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Thousands gather in downtown Victoria for truckers' rally against pandemic restrictions

Traffic jam Saturday afternoon along Douglas from Uptown to downtown amid a constant, very loud chorus of truck and car horns

Hundreds of vehicles from industrial trucks to mini vans and everything in between choked the Trans Canada Highway and Douglas Street Saturday afternoon as they headed to the B.C. legislature to take part in the Island’s own convoy and rally to coincide with the massive protest in Ottawa.

Draped in Canadian flags and carrying signs demanding an end to vaccine passport mandates, economic restrictions and in some cases mandatory vaccinations, thousands of people made their way to the lawns of the legislature.

There were those in the crowd, estimated by Victoria police to have numbered 5,000 at one point, who said they had been vaccinated but felt the restrictions and mandates had gone on long enough and it was time for the country to get back to normal.

Others were adamant they would never get the vaccine and were calling for an end to vaccine requirements at job sites and an end to having to show vaccination status to enter some venues.

Crews set up for the protest at the legislature early Saturday, and later in the morning there were hundreds on the lawn, many carrying Canadian flags and waving at passing vehicles that blared horns in solidarity. That small gathering grew as the day passed and in the early afternoon Douglas Street was jammed with horn-sounding vehicles from the corner of Belleville Street all the way past Uptown shopping centre.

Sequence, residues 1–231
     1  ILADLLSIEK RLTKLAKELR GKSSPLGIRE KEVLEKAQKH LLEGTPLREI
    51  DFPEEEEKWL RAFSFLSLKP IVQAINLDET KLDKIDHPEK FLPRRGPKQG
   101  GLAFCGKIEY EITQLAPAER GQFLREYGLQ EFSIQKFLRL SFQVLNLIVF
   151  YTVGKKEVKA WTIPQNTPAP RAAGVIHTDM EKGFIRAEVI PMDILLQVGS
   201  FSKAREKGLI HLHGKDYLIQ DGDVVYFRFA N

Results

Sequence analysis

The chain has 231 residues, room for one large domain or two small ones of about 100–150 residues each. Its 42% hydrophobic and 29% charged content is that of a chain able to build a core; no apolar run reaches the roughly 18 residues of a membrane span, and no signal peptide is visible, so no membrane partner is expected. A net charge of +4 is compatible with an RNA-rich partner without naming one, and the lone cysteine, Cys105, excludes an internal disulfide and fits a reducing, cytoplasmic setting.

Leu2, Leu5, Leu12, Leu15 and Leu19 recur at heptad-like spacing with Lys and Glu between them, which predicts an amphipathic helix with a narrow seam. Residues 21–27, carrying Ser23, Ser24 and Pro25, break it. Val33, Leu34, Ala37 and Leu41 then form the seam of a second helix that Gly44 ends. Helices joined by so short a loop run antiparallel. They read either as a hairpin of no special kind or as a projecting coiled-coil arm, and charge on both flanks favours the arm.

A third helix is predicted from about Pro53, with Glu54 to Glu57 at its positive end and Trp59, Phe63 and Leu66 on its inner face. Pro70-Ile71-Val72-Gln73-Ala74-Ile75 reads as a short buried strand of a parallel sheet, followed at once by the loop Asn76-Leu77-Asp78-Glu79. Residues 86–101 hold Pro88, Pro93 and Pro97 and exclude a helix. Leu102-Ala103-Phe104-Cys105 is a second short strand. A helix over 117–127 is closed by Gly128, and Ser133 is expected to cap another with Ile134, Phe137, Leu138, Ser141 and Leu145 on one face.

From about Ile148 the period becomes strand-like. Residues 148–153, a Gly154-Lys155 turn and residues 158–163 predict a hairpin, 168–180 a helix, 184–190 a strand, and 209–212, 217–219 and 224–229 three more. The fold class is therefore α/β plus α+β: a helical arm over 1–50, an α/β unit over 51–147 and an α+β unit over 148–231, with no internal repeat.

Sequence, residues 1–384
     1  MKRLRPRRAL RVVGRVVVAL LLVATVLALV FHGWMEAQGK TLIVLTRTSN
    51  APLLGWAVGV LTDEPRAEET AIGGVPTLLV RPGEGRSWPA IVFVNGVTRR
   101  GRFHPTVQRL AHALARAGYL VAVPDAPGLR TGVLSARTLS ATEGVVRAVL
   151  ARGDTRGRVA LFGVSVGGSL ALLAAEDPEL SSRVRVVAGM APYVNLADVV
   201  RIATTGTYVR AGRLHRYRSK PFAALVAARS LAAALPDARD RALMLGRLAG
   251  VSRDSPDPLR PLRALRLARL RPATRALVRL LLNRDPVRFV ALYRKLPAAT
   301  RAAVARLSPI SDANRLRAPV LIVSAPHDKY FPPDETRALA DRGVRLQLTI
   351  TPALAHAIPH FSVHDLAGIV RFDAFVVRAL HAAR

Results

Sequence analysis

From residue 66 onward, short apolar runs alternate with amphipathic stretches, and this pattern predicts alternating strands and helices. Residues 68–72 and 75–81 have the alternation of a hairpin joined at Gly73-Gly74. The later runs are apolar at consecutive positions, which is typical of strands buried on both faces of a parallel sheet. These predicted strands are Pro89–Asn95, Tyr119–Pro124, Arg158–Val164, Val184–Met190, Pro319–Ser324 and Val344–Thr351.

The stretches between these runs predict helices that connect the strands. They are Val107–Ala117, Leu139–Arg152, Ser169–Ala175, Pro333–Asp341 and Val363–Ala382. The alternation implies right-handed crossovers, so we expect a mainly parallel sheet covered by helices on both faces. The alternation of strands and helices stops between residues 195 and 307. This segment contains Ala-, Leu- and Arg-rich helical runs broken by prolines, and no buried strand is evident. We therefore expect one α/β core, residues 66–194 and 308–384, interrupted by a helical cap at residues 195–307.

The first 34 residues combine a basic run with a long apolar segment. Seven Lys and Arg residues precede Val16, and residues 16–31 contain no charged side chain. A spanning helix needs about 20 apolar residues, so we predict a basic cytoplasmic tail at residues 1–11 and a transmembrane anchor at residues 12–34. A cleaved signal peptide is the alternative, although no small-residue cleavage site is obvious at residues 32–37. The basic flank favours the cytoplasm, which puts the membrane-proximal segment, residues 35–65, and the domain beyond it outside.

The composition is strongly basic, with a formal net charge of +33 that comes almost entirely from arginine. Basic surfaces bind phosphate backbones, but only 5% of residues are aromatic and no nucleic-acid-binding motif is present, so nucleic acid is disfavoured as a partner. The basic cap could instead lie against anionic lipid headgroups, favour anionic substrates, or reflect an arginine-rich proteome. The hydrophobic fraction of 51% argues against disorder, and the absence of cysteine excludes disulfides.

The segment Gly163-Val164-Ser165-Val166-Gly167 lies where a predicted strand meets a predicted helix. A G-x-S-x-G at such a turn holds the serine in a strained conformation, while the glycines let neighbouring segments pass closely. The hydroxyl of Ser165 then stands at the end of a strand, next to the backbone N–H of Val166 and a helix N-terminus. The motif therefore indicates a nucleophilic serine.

By that time, slow-moving convoys of big rigs, heavy industrial trucks and smaller cars that started in the North Island in the early morning had picked up vehicles and steam through the day and hit the outskirts of Victoria. The convoys — “Convoy 4 Truckers” and a “Convoy to End Mandates” — which met with small crowds of support in towns along the way, stopped to add more bodies and vehicles before arriving in Victoria.

There were hockey sticks with flags attached waving from cars and tied to trucks, and more signs with pointed messages for Canadian politicians and health authorities to roll back their rules and mandates.

The rally may only have represented a small percentage of the population, but the noise level was high, with a constant sound track of honking horns, while the neighbourhoods around the legislature were dotted all afternoon with cars in Canadian-flag livery and others with demands for politicians to resign written on their windows.

The rally, organized by We Unify Canada, a group that claims to push for a more open democracy, lined up speakers for the event that included Kari Simpson of FrontLine Canada, which has railed against vaccine mandates, and former Newfoundland premier Brian Peckford, who is part of group that has applied for a judicial review of the federal transportation minister’s decision to limit mobility of Canadians based on their vaccination status.

Police were on scene during the rally and had been advising residents that traffic in the city was disrupted by “severe traffic congestion” and to avoid the area. Victoria police spokesman Cam MacIntyre said the event was peaceful and had diminished significantly by 5:30 p.m.

B.C. Transit issued a series of service notices through the day, noting service was not possible into parts of James Bay. The legislature terminus was closed and buses instead ended their routes near the corner of Burdett and Douglas streets.

Businesses near the legislature reported problems having to deal with a lack of parking for regular customers, though some expected some extra business from the rally participants later in the day.

> Thousands gather on Parliament Hill for massive protest against vaccine mandates